Meet Tarnjoat, Work Experience in Penguin General Marketing and Publicity


Posted 12.07.18 by Gift Ajimokum

Picture of Tarnjoat

 

Come September of my third year, I had no idea what to do with my degree. I had seen the Penguin Random House work experience programme and hadn’t expected to get in but decided trying couldn’t hurt. After being able to work in the Marketing and Communications department of Penguin General, I am so glad I did.

 

I was so nervous on my first day I arrived two hours early and sat around waiting for my supervisor Corinna to collect me. As soon as she arrived I knew I had worried for no reason. She was so friendly, as was everyone in the department. A lot of people constantly talk about how nice the people in their department are and what I quickly found while here was that it is all true. Every single word. I have literally never been so supported in a work environment ever. Publishing does not attract people who are hard to work with at all.

 

While I was there I mailed out a lot of books, made show cards and press releases, made phone calls to help arrange events among general admin work. People in my department would email me tasks and I would put them on a to-do list and be helped with prioritizing what needed doing. You should usually have another work experience person helping you as well.

Personally, I found mailing books weirdly therapeutic and it was exciting seeing all the new titles that different people were working on. It also gave me a better idea of what kinds of books everyone in the department was into, which is always an interesting point of conversation. I had the opportunity to work on a Showcard for the Waterstones in my hometown which was really exciting. I can’t wait to walk past it in the shop and have someone stop me from screaming I MADE THAT! Professionally gaze at it while quietly feeling accomplished.

 

I also learnt a lot from just watching the people around me do their jobs. Sitting in on meetings was especially inspiring because Penguin Random House meeting rooms were full of passionate driven women who had a platform to talk about the stories that were important to them. Even people who were new to the department had the opportunity to talk about their work and look completely badass while doing it. Even if you don’t want to go into publishing, it was worth applying just to be inspired by them all. I left those meetings feeling really inspired each time. They also gave me a real insight into how campaigns were organised and what they were about.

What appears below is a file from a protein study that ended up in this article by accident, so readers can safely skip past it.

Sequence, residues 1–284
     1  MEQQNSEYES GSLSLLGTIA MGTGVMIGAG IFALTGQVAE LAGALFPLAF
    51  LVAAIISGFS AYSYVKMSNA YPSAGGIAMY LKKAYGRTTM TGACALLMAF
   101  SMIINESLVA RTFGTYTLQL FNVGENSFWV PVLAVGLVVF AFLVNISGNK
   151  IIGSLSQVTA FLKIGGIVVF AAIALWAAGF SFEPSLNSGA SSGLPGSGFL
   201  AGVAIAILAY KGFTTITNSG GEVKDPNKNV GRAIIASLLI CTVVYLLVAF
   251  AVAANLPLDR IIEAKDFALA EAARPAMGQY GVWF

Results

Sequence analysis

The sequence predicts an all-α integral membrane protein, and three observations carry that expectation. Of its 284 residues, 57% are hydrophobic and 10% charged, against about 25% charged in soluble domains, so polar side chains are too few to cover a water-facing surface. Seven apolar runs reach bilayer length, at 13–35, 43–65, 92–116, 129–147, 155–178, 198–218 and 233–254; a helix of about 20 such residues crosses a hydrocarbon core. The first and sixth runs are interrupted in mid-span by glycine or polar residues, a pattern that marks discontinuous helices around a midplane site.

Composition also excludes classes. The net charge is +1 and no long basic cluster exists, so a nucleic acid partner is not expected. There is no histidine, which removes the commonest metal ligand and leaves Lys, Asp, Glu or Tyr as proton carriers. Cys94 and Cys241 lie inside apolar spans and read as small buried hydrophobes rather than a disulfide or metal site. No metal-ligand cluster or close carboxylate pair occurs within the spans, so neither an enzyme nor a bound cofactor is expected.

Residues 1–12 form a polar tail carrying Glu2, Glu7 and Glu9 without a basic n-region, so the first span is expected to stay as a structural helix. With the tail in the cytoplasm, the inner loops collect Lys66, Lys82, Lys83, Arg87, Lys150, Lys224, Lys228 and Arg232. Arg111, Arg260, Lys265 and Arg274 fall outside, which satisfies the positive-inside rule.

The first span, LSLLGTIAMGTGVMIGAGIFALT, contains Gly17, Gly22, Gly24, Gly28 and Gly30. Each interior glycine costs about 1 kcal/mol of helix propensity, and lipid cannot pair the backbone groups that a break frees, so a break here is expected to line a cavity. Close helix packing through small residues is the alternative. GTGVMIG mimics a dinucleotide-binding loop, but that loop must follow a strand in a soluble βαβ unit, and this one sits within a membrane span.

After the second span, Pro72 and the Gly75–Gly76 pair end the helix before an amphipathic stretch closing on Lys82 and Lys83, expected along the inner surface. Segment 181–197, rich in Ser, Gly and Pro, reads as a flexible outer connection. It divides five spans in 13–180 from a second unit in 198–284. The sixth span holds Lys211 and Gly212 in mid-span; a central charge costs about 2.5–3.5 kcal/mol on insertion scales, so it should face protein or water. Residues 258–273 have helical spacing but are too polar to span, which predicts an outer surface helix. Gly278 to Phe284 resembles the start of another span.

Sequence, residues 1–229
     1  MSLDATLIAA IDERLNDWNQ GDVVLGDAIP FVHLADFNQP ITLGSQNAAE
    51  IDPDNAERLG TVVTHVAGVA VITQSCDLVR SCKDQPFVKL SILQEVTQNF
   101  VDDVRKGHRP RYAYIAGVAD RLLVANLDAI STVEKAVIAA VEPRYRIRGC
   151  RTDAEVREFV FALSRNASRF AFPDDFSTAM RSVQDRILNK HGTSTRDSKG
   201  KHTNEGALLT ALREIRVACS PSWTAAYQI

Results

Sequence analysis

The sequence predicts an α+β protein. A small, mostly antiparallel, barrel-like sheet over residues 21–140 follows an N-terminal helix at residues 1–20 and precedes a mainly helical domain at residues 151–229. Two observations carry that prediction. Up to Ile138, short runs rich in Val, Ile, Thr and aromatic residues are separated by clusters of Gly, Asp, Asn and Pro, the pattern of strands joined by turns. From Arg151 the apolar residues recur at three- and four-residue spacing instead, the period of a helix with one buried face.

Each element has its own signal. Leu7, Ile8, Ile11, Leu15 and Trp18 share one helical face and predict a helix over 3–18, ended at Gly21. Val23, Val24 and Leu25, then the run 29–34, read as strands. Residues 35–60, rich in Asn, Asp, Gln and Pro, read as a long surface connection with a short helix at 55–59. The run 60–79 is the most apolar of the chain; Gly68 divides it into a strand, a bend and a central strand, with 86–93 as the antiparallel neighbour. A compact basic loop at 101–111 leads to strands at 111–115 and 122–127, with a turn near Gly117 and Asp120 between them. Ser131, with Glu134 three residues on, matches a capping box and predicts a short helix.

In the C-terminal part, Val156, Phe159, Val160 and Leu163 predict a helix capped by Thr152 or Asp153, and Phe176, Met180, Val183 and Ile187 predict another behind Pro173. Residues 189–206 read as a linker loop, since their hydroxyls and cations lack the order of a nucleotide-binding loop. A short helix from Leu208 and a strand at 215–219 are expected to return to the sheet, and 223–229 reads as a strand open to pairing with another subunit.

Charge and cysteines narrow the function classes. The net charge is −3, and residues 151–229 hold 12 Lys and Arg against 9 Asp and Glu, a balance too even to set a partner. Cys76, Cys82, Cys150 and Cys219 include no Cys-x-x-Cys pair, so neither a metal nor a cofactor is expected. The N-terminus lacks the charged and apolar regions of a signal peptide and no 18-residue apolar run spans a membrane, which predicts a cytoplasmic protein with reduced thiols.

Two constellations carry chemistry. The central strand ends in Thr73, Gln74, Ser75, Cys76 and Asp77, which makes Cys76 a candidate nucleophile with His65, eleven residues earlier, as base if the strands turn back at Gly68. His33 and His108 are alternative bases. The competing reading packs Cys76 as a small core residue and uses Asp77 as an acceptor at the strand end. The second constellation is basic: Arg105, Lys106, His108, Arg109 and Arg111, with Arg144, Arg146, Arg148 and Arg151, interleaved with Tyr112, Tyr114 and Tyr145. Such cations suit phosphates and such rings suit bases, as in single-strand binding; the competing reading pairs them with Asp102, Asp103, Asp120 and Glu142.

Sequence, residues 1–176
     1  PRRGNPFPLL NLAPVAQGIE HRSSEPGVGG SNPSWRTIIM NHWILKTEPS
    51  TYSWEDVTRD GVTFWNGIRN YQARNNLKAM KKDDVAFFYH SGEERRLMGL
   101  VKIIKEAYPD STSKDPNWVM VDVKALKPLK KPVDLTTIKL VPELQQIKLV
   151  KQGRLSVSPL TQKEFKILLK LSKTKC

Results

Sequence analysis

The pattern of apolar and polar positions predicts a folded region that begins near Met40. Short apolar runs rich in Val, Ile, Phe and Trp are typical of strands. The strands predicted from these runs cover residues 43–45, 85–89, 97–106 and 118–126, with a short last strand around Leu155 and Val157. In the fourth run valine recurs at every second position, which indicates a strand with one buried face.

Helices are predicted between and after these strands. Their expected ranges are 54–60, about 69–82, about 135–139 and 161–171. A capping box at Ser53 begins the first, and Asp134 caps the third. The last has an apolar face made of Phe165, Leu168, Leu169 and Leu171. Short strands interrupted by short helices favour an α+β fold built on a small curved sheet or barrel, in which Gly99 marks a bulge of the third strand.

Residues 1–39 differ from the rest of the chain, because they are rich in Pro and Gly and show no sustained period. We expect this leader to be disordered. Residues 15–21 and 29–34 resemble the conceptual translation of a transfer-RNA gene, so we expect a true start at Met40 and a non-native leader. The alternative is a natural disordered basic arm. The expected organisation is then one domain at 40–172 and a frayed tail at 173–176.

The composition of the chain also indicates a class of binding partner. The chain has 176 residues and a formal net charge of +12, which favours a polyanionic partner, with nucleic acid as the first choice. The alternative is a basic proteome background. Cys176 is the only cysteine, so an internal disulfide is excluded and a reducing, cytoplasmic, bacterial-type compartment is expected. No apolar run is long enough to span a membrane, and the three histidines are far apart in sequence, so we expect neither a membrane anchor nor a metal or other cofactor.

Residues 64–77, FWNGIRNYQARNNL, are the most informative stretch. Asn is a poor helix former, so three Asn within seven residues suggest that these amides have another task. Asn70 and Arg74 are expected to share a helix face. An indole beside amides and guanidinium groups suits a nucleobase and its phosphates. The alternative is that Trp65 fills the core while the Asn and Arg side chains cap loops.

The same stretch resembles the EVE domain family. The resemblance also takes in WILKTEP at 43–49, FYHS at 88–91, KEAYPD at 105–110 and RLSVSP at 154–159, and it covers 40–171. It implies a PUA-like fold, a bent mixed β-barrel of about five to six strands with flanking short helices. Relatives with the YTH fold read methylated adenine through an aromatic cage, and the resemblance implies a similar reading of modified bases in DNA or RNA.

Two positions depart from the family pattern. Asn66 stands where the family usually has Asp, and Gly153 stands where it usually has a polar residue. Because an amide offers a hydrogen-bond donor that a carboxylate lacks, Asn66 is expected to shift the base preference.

If I had one piece of advice it would be to talk to the people in your department. Everyone in is going to be phenomenal at their jobs and the opportunity to pick their brain and find out how they got into what they are doing is invaluable. They were also more than willing to help, even when they’re really busy, which I was really touched by. What I found was that everyone had taken very different paths into their jobs and as someone who had never applied for work experience before now, I found that really reassuring.

 

Penguin is probably the most accessible publisher I have come across thus far. They really care about diversifying their company and this has become even more obvious this year as they’ve changed The Scheme to a positive action programme for those from a socio-economically disadvantaged and/or BAME backgrounds to apply.

 

Picture of cherry blossom tree

Kings Langley Gardens

 

 

I also got even luckier and was able to stay at The Retreat with The Book Trade Charity, which was a whole separate experience within itself. The Retreat is run by the lovely Glenda and is every book obsessed person’s dream. It is a little bungalow that is available for people to stay at if they need to while doing work experience for a subsidized fee. You have your own bathroom, small kitchen, books that you might like around the bungalow a library for you to use on site. While I was there I managed to use my evenings to rekindle my love for Zadie Smith and William Shakespeare.

 

 

 

(clearly one of them did not love me back)

 

 

 

I also read You Will Not Have My Hate by Antoine Leiris and cried a lot on my last night, but it was a brilliant book and I would recommend it for some light emotional reading. I wish I could have taken more pictures to share with you, but you’ll just have to apply and see for yourself. You’re going to love it.

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